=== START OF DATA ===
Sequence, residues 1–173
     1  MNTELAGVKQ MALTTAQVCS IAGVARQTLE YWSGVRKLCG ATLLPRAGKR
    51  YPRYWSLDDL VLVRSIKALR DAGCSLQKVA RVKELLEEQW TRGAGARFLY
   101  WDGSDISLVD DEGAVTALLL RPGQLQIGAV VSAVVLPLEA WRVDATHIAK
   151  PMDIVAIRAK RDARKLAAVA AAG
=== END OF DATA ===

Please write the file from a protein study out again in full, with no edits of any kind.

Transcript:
Sequence, residues 1–173
     1  MNTELAGVKQ MALTTAQVCS IAGVARQTLE YWSGVRKLCG ATLLPRAGKR
    51  YPRYWSLDDL VLVRSIKALR DAGCSLQKVA RVKELLEEQW TRGAGARFLY
   101  WDGSDISLVD DEGAVTALLL RPGQLQIGAV VSAVVLPLEA WRVDATHIAK
   151  PMDIVAIRAK RDARKLAAVA AAG